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The Federal law on banks and savings banks of 8 November 1934 (“Banking Act”), the Banking Ordinance and the Required Equity Ordinance of 29 September  2006 (“Equity Ordinance”) rule the organisation and authorisation process of banks in Switzerland.

In addition, the Swiss Financial Regulator (“FINMA”) has issued a number of directives and circulars and has rendered a number of decisions (generally published in its annual reports), which describe the FINMA’s practice and requirements in respect of the application of the Banking Act and the Banking Ordinance, and which also set organisational requirements for banks.

Finally, rules of self-regulatory bodies may also be relevant. In particular, the Swiss Banking Association (“SBA”) has issued a certain number of directives, which are considered as mandatory by the FINMA, and which may also contain organisational requirements.

Requirements for the licensing of a Swiss bank

A bank must obtain a license from the FINMA before it can start its operations and be registered with the commercial registry[1]. Based on the Banking Act and Banking Ordinance, the following conditions must be fulfilled to obtain an authorisation to act as a bank:

Share capital

A bank must have a fully paid-in share capital of CHF 10 mio. at least. In practice, however, the FINMA usually requires a minimum of CHF 20 mio. The FINMA is reviewing whether the CHF 20 mio threshold for a new bank should be maintained for forex dealers.

Equity and liquidities

A bank must have sufficient equity and liquid assets in accordance with its activities. The rules on capital adequacy are set up in the Banking Act, the Banking Ordinance and the Equity Ordinance. The capital adequacy requirements generally follow the international standards set by the Basle Committee on Banking Regulations and Supervisory Practices. The relevant provisions of Swiss law distinguish between core capital (tier I), supplementary capital (tier II), which is further divided into upper tier II and lower tier II capital, and additional capital. Core capital includes the paid-up share capital, the reserves and profits carried forward. At least half of the bank’s capital resources must be core capital. Supplementary capital may include latent reserves and long-term subordinated debt. A credit risk weight applies then for each of the bank’s assets and off-balance-sheet liabilities, depending on the nature of the asset or liability concerned, as well as on the nature and rating of the counterparty. Exposures in derivative instruments are converted into credit equivalent amounts before being multiplied by the risk weighting of the corresponding asset. Special consideration must be given to market risks, as well as to operational risks. Finally, the risk-weighted assets and off-balance sheet liabilities are compared with the bank’s capital resources (solvency ratio). As a rule, the solvency ratio must at all times exceed 8%, at least half of which must be core capital.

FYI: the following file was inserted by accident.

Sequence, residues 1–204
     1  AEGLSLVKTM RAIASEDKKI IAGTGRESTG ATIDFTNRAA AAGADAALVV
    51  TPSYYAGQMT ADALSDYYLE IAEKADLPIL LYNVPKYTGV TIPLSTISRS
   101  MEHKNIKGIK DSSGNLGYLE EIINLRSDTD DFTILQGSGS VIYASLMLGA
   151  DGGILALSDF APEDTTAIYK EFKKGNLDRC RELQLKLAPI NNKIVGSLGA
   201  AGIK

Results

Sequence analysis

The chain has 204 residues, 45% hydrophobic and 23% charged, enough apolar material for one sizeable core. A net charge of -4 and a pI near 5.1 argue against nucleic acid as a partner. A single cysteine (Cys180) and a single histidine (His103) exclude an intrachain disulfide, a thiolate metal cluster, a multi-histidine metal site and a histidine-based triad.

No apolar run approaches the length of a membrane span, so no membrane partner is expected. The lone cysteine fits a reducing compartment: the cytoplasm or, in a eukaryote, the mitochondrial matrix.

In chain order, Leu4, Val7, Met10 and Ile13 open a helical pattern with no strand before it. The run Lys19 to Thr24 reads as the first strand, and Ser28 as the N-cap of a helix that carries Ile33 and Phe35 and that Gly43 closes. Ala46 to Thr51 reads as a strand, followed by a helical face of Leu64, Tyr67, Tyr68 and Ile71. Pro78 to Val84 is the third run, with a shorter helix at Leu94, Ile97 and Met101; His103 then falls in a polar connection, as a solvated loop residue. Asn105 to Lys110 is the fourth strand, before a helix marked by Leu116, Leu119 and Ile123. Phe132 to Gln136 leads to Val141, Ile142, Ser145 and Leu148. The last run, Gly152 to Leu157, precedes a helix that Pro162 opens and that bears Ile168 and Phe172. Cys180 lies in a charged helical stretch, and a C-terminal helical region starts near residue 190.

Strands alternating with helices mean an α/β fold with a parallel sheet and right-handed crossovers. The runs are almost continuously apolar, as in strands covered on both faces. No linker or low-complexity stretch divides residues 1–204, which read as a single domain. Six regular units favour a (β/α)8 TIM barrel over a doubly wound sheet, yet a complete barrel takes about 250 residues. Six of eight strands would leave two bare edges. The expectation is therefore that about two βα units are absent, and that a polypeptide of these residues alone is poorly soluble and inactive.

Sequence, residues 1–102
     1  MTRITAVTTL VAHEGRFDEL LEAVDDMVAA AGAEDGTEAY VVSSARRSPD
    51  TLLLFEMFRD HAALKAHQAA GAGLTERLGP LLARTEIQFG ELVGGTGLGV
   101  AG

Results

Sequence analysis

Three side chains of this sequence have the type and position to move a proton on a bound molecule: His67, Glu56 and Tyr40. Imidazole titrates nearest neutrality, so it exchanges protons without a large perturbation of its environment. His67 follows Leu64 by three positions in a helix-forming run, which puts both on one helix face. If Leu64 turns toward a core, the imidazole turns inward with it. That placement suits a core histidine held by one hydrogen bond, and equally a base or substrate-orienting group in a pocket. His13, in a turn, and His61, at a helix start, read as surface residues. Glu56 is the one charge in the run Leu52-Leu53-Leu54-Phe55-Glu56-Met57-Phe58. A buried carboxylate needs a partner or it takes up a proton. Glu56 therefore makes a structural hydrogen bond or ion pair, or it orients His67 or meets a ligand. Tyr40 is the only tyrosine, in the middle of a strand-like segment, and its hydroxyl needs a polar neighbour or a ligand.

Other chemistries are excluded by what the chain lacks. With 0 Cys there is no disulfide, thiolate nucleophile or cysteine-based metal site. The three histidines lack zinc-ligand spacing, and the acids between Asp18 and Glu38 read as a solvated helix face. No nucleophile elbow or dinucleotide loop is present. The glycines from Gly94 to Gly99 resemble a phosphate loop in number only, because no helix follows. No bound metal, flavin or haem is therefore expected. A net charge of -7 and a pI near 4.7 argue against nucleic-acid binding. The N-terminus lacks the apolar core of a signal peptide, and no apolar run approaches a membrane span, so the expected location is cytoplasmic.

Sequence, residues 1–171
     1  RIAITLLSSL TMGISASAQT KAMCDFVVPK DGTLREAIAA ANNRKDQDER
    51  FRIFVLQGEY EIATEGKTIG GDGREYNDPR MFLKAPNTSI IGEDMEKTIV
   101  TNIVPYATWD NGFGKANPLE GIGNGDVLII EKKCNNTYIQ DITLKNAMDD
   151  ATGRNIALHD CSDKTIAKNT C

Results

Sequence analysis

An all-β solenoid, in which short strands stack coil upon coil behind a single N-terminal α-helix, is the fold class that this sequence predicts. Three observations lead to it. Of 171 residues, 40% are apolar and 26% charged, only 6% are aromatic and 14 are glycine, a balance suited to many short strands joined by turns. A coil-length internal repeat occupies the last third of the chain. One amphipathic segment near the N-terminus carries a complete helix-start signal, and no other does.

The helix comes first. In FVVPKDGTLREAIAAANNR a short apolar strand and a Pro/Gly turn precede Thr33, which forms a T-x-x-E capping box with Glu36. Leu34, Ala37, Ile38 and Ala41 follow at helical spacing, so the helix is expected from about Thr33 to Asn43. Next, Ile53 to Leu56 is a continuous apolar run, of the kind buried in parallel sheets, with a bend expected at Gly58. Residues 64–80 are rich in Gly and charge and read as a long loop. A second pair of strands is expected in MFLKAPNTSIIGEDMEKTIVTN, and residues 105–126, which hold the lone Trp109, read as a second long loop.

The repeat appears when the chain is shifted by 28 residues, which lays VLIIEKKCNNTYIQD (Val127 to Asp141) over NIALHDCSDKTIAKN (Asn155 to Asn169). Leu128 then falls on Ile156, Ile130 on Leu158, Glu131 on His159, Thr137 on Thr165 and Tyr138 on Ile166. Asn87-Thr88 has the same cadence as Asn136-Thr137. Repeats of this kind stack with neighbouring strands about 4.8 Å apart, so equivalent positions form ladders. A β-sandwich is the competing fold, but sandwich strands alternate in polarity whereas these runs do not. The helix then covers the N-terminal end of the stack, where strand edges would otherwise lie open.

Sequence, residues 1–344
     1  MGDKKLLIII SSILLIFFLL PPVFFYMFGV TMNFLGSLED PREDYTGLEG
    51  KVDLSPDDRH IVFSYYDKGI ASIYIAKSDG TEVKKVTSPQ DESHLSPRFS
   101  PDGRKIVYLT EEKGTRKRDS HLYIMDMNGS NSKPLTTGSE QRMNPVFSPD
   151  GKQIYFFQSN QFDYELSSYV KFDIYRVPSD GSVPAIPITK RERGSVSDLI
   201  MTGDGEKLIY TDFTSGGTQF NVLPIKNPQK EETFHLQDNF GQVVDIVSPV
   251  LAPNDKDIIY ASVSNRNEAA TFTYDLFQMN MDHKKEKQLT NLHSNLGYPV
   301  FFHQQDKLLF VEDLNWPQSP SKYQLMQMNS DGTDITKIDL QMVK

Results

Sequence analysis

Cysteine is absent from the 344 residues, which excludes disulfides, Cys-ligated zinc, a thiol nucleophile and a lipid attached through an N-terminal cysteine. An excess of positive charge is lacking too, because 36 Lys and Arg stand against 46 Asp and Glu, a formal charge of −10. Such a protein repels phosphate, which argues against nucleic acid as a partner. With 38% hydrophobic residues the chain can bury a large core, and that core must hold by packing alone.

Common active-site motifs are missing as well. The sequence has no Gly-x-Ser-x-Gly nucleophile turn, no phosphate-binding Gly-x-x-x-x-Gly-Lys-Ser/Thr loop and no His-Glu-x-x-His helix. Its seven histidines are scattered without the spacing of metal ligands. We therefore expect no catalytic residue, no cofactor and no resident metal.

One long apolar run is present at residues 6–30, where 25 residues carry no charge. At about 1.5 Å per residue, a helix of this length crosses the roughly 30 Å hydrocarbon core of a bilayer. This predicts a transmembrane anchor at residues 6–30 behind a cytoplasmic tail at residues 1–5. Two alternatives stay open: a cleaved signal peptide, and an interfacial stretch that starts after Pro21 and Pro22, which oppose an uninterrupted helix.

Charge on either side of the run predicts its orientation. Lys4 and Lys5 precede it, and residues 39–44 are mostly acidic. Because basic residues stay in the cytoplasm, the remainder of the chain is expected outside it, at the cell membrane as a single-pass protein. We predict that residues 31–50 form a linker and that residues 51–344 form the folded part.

Large credit exposures are limited (risk distribution rules). Unsecured credits advances to a single debtor may not, in the aggregate, exceed 20% of a bank’s own funds.


  • The Articles of Association and the internal regulations of the bank must clearly define the scope of its activities and provide for an appropriate organisation (commensurate to the geographic and material scope of its activities).
  • The effective management of the bank must be carried out of Switzerland, and the members of the management must be domiciled in a place where they can effectively manage the business of the
  • There must be a separation between the management organs, on the one hand (management), and the top management, supervision and control organs on the other hand (board of directors).
  • All individuals responsible for the administration and management of the bank must have a good reputation and be “fit and proper” (board of directors and management).
  • There must be a clear separation internally between the functions of asset management, trading and back
  • The bank must have risk management regulations, setting out the rules on risk definition, limitation and The rules must in particular  include appropriate limits for credit and market risks.
  • An efficient internal control system  must  be in   This internal control system includes an internal audit organ (inspectorate), independent from the management.
  • Outsourcing: outsourcing to third parties in or out of Switzerland is possible if certain conditions are met as set out in the FINMA Circular 99/2, such as choosing, instructions and supervising with good care the third party, keeping a full right of control on the outsourced activities, executing a written agreement, adopting a disaster recovery plan, taking appropriate steps to guarantee data protection and in particular the preservation of banking secrecy, etc.